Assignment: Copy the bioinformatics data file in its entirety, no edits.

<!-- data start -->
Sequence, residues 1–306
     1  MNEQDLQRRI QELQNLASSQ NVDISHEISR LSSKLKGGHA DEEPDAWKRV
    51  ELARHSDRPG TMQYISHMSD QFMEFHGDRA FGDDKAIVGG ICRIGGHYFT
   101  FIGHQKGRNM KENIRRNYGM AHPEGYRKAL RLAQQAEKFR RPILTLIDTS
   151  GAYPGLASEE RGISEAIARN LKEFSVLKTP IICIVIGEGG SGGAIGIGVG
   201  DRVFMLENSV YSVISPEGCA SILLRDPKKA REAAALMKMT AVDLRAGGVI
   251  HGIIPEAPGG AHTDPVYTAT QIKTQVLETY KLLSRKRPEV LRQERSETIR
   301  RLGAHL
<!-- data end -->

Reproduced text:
Sequence, residues 1–306
     1  MNEQDLQRRI QELQNLASSQ NVDISHEISR LSSKLKGGHA DEEPDAWKRV
    51  ELARHSDRPG TMQYISHMSD QFMEFHGDRA FGDDKAIVGG ICRIGGHYFT
   101  FIGHQKGRNM KENIRRNYGM AHPEGYRKAL RLAQQAEKFR RPILTLIDTS
   151  GAYPGLASEE RGISEAIARN LKEFSVLKTP IICIVIGEGG SGGAIGIGVG
   201  DRVFMLENSV YSVISPEGCA SILLRDPKKA REAAALMKMT AVDLRAGGVI
   251  HGIIPEAPGG AHTDPVYTAT QIKTQVLETY KLLSRKRPEV LRQERSETIR
   301  RLGAHL